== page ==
Researchers unlock mystery of how methane hydrate, or 'burning ice,' emits gas

April 16, 2014

By YASUJI NAGAI/ Senior Staff Writer

Researchers at Okayama University have discovered the process whereby methane hydrate emits methane gas, a discovery that could lead to the development of mining technology of the new energy source.

Known as "burning ice" on the ocean floor, methane hydrate contains methane gas that is trapped within ice molecules. The ice molecules form a slushy solid of sorts and are found in very cool environments under extreme pressure, such as under the Siberia tundra or the floor of oceans.

Since methane hydrate can release approximately 170 times more methane gas per volume of hydrate, it is expected to be an abundant source of energy in the future.

The research team at Okayama University was headed by special-appointed associate professor Takuma Yagasaki and included Hideki Tanaka, a professor of molecular chemistry. The team used the supercomputer "K computer" at the Riken national research institute in Kobe to simulate the changes methane hydrate undergoes when it is removed from its cool, highly pressurized natural environment and exposed to normal atmospheric pressure.

The supercomputer calculated the movements and reactions of all the crystallized methane hydrate molecules. It was able to simulate the natural attraction and repulsion that occurs at the atomic level during the transition. The computer slowed down the process, allowing for a more accurate and time-specific result.

The results showed that the rate of breakdown, slow at first, sped up over time. The team found the speed abruptly increased once 40 or so methane molecules bond together to make a microscopic gas bubble. It was discovered that certain temperatures prolong the process, as well.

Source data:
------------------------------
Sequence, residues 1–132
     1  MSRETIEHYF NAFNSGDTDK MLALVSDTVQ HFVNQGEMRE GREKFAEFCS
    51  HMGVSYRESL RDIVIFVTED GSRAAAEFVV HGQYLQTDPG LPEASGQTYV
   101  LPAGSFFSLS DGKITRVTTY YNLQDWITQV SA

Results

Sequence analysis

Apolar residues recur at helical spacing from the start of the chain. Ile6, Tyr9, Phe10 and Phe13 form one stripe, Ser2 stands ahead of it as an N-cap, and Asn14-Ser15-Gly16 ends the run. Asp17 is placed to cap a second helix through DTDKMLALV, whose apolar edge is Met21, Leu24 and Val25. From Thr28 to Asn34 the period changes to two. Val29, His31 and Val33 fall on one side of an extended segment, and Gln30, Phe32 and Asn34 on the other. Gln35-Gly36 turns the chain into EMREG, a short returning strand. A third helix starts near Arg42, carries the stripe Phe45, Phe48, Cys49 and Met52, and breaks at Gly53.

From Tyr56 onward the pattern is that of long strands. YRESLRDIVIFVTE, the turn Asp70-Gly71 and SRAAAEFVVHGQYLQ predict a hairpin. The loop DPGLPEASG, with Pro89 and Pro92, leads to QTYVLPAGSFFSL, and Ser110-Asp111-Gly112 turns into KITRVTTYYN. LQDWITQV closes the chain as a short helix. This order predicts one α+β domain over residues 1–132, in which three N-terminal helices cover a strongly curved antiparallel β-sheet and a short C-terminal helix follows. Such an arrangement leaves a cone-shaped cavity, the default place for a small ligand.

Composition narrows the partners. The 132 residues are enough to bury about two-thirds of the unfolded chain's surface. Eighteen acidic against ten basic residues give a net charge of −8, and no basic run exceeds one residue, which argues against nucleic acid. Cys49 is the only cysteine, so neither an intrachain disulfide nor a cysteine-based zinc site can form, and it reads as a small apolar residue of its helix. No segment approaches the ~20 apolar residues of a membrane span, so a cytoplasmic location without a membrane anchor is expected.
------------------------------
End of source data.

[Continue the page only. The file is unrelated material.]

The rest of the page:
"We have found the possibilities of controlling the process of methane gas generation," Tanaka said.

Hideo Narita, head of the Methane Hydrate Research Center of the National Institute of Advanced Industrial Science and Technology, said, "This is highly innovative research that has accurately simulated the breakdown of methane hydrate molecules and shows the potential to control the rate of breakdown.”

“This not only shows us a way to sustainably mine methane hydrate, but also can lead to technological advancements in its future storage and transportation, and perhaps even the development of heating systems using its thermal characteristics."

The ocean waters surrounding the Japanese archipelago alone are estimated to contain methane hydrate equal to 100 years’ worth of Japanese natural gas consumption.

By YASUJI NAGAI/ Senior Staff Writer
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A computerized image showing how methane hydrate (center) emits methane gas. (Provided by associate professor Masakazu Matsumoto from Okayama University)

A computerized image showing how methane hydrate (center) emits methane gas. (Provided by associate professor Masakazu Matsumoto from Okayama University)

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  • A computerized image showing how methane hydrate (center) emits methane gas. (Provided by associate professor Masakazu Matsumoto from Okayama University)

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